Week In Review: Type 1.3

Last Tuesday I was diagnosed with Diabetes. Having very little understanding of the illness since the only person in my life who had it was my grandfather, and he died before I was born, I thought that "Juvenile Diabetes" had to hit you before you made it to puberty or something like that. At 23, this came as a bit of a shock.

My new doctor set me up with four other appointments and took 6 full vials of blood from my arm. The next day, I went back to the medical center and spent three hours to learn what diabetes is, discuss my blood tests with an endocrinologist (who also graduated from Dartmouth!), learn how to prick my finger to test my own blood and inject myself with insulin, and give them 3 more huge vials of blood. Sitting there with the nurse pinching a chunk of my skin while I was holding a needle an inch from my own belly was probably the most distressing 45 seconds of my life. Every ounce of my being was thinking "Really? I'm supposed to stab my SELF? This is wrong. This is very wrong." And then the nurse grabbed my hand and shoved it towards my stomach. It really didn't hurt at all. And then I did the injection part, which felt weird because of the fluid, but not terrible. And then the pressure started to build up behind my skin and felt like really really concentrated muscle cramps and I wanted to scream. And that was just a small "test dose". At least now I have something exciting to look forward to every night before I go to bed FOR THE REST OF MY LIFE.

I'm definitely happy at the prospect of no longer having mystery symptoms. I can live with the possibility that my vision may deteriorate because I look great in glasses, I've been blessed with perfect vision so far in life, and one of the greatest women I know has been legally blind since childhood. Heck, I can even deal with the idea of losing a foot and getting robot legs instead, or a wheel like Rosie on the Jetsons and registering as a motor vehicle. The needle gridlines on my stomach will be fun to play tic-tac-toe or Boxes on. I get a pretty piece of new jewelry as a Medic ID. And the fact that I have now seventeen different prescriptions to pay for every month is fine because my health insurance is really good. My biggest problem? Carb counting. And the NO CANDY rule.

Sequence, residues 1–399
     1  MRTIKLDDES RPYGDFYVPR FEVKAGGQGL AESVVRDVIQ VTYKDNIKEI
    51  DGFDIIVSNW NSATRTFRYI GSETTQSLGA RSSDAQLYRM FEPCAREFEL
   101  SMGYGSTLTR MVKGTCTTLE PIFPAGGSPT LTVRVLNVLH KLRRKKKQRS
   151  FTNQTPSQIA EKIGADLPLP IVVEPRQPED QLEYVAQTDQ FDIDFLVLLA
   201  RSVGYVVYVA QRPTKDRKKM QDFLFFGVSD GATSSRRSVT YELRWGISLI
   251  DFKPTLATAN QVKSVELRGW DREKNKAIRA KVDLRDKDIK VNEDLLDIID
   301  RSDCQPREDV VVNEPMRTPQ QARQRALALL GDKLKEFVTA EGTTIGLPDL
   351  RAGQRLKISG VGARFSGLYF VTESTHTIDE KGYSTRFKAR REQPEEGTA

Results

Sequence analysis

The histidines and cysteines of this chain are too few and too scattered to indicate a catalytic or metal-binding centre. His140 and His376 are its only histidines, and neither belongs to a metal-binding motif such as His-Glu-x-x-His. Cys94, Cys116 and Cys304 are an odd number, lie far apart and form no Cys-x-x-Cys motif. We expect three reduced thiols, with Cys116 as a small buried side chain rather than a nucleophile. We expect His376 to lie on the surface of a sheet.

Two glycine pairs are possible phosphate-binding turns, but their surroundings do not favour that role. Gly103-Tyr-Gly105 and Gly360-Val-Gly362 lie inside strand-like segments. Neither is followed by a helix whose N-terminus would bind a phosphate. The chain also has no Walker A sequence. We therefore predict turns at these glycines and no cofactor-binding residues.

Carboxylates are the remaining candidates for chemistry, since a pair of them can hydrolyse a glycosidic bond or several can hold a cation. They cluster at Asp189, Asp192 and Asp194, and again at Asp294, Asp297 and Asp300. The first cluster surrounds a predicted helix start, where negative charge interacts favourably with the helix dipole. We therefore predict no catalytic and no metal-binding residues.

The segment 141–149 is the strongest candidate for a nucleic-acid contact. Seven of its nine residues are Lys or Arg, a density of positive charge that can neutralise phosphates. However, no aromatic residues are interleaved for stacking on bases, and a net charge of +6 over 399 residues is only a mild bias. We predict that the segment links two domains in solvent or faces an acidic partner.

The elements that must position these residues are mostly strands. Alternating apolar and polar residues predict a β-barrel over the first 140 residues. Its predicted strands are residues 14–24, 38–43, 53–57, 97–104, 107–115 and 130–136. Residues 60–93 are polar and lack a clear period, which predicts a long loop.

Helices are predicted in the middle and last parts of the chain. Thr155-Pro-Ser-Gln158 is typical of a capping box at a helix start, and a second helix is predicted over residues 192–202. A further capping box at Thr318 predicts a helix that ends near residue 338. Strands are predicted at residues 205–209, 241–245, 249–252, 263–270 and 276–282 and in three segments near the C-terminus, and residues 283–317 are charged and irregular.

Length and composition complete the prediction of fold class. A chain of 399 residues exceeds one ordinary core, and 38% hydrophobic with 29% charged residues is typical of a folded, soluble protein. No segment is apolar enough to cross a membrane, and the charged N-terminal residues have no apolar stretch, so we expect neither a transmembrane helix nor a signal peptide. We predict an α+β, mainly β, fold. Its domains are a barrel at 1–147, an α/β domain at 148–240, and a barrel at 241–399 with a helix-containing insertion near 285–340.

Up until now, I've eaten whatever I wanted, in whatever quantity I wanted, whenever I was hungry. This past summer I lived off hot dogs, ice cream, and mac & cheese. In high school I ate Pixie Stix and cake icing for breakfast, pizza and fries for lunch, Hamburger Helper for dinner, and a case of Mountain Dew to wash it all down. In college I made the switch to Organic, but I still ate two king size chocolate bars as a study snack. And I studied a lot. My boyfriend and his family are Italian. Pasta is my staple.

The insulin is working well for me, which implies I am type 1 and insulin dependent, so yesterday they upped my daily dosage and put me also on a new type - fast acting that I have to take with meals. My doctors and I are going to get this well under control, such that I can even still eat pasta to some extent, but that doesn't make it any less frustrating when I walk through the grocery store near my office in the morning and can't find a decent breakfast bar with less than 35g of Carbohydrate.

So in conclusion, I'm feeling very relieved, a little pathetic, a little excited at a new adventure to conquer, a little stubborn about the foods I love, open to new foods to love, and a little worried that I might not be the only grandkid in my generation to turn up diabetic. But hey, I'm blazing this trail and will be ready to coach anyone who follows me down it.

1 comment:

Allie said...

Also, I can eat all the hot dogs I want. Bun-free, of course, but that's how I like them.